Dodge Trademarks the Hornet Nameplate for the North American Market
We recently learned that the Grand Caravan is programmed to cease production this coming May, leaving the Dodge lineup with only four vehicles: the Challenger, Charger, Durango, and Journey. In fact, the newest model in Dodge’s lineup is the nearly decade-old Durango, and the automaker is in dire need of expanding its lineup. Fortunately, judging by recent patent applications from parent company Fiat Chrysler Automobiles (FCA), it appears that Dodge will be adding a new vehicle to its lineup. FCA recently applied to trademark the words “Hornet” and “Dodge Hornet” with the U.S. Patent and Trademark Office.
Additionally, FCA also applied for the very same trademark in Mexico and Canada. We aren’t sure what exactly the Dodge Hornet model is going to be, but it’s clear that it’s specifically designed for the North American car buyer. So what would a North American-specific Dodge be? Likely a crossover vehicle of some sort. Dodge last dusted off the Hornet nomenclature in the mid-2000s for a subcompact hatchback concept car (pictured above), but it never made it into production. This time around, as the market continues its love affair with crossover SUVs, it feels as if it’s the perfect time for Dodge to strike. It’s been rumored for some time that the automaker was also looking to discontinue its Journey model, so it’s safe to say that the Hornet may be its incoming replacement in the form of a compact crossover.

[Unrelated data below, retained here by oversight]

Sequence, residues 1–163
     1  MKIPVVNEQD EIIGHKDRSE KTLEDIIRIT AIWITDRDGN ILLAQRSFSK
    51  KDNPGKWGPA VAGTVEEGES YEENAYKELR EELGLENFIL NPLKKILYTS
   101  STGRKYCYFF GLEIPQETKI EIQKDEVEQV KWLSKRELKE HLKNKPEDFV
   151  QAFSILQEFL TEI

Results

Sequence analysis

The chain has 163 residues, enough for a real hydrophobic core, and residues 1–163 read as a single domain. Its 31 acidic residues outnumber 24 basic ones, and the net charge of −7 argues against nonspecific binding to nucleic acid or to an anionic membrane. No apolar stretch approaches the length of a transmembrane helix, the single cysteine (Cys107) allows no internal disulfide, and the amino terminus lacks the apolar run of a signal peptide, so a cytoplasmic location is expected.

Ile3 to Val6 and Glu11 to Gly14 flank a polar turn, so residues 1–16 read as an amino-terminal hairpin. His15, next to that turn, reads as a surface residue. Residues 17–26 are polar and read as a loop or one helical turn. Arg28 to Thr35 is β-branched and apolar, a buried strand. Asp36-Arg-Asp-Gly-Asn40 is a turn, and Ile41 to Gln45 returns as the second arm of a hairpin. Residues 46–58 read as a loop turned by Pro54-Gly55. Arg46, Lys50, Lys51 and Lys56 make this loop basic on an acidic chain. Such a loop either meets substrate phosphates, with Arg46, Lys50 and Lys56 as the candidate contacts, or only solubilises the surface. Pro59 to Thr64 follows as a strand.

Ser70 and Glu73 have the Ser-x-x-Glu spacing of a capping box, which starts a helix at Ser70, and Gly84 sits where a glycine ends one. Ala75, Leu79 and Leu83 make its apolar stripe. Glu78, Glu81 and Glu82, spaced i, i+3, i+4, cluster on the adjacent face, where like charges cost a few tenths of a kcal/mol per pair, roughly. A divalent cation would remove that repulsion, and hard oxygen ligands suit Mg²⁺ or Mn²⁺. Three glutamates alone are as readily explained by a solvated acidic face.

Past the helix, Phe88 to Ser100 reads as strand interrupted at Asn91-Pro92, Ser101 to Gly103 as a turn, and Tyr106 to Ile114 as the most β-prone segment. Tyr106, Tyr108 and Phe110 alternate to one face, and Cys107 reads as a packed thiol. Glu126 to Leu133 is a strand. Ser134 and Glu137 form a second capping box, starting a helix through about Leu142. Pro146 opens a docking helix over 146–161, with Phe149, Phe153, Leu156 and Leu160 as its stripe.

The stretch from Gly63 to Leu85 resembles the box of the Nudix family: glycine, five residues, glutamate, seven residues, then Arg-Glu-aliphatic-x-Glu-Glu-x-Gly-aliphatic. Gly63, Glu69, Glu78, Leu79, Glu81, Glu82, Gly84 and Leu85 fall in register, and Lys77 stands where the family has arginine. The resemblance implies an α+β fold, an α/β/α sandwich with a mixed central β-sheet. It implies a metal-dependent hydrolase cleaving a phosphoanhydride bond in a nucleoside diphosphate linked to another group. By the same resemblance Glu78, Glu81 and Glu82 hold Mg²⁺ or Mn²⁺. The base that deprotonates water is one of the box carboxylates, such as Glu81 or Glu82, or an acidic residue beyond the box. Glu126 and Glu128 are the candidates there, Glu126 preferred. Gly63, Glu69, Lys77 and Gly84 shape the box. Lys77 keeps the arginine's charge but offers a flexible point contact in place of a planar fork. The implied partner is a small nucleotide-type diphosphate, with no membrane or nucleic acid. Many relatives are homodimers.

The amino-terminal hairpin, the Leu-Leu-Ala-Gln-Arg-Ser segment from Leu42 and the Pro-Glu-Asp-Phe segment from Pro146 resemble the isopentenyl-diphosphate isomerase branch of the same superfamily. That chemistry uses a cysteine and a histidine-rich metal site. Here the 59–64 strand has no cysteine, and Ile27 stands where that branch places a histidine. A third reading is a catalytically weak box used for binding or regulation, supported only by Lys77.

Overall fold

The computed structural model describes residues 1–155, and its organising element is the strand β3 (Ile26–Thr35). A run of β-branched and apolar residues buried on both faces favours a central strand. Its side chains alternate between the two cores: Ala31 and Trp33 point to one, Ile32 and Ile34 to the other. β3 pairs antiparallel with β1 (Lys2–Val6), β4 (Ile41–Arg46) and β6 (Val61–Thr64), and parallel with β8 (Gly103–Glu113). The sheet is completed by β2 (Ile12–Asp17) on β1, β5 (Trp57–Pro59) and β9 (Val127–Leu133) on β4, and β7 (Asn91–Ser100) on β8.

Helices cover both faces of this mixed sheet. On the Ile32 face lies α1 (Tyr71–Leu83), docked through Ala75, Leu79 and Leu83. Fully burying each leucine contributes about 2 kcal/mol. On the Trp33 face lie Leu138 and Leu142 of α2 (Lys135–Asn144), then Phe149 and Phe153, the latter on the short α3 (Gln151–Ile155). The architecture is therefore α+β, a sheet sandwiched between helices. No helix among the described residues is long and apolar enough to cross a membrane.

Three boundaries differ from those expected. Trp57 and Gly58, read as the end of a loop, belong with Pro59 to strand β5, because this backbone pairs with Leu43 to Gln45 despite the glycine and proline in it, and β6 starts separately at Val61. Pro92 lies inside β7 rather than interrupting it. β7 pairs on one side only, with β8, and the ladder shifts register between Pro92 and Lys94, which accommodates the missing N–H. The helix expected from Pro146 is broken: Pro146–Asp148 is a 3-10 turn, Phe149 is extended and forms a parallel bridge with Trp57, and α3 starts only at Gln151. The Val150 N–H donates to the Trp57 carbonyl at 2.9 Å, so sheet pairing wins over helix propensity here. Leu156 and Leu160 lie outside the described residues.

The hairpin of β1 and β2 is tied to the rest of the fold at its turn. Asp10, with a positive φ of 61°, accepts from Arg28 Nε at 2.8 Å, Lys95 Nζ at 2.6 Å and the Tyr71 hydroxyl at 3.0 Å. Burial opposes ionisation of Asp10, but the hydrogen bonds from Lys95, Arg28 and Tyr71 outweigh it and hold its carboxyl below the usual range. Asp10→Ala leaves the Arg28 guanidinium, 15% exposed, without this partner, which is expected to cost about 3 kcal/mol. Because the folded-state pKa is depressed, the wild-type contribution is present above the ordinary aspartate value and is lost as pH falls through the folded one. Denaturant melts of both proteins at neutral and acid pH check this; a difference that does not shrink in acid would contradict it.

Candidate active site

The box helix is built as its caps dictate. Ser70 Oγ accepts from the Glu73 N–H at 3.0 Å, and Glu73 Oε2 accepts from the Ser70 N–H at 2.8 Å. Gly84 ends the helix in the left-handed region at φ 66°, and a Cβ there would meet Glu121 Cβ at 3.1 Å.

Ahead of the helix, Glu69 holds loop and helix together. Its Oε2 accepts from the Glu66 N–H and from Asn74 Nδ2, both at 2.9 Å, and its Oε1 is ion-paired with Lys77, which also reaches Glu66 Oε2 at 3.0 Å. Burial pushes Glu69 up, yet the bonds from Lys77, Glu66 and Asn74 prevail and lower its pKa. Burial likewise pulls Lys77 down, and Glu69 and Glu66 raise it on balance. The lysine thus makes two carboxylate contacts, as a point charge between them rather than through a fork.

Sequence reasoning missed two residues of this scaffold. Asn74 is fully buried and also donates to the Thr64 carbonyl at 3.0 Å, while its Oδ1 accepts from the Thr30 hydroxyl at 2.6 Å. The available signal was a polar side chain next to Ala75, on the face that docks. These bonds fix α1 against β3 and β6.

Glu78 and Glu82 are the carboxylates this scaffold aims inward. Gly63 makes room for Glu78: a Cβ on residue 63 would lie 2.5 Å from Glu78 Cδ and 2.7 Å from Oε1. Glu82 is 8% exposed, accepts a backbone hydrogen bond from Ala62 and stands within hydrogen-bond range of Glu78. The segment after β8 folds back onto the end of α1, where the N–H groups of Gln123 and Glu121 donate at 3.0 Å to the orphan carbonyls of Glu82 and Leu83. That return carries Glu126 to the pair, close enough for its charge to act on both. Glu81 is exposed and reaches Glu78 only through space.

Of course, all of this is speculation and the Hornet badge can be reserved for a different sort of vehicle entirely, such as a larger crossover that borrows quite a few of its components from the existing Chrysler Pacifica and Voyager models. The plant that currently assembles the outgoing Grand Caravan in Windsor, Ontario, is also responsible for assembling the Pacifica and Voyager. The additional capacity granted by the discontinuation of the Grand Caravan sets the stage for the development of another vehicle. Using key components from the other vehicles produced in the same plant can surely help Dodge lower its development costs in the long run.
Another possibility is that the Hornet name is destined for an FCA/PSA Groupe product. The merger between FCA and PSA Groupe is progressing, making it likely that some Euro-derived products will arrive in North America with market-familiar Dodge badging. As is customary, Dodge declined to comment on the implications of the recent Hornet trademark because the automaker does not usually comment on rumors. Until we have a definitive word from Dodge, we’ll just have to stay tuned to the rumor mill to see what a future Dodge Hornet vehicle might be.
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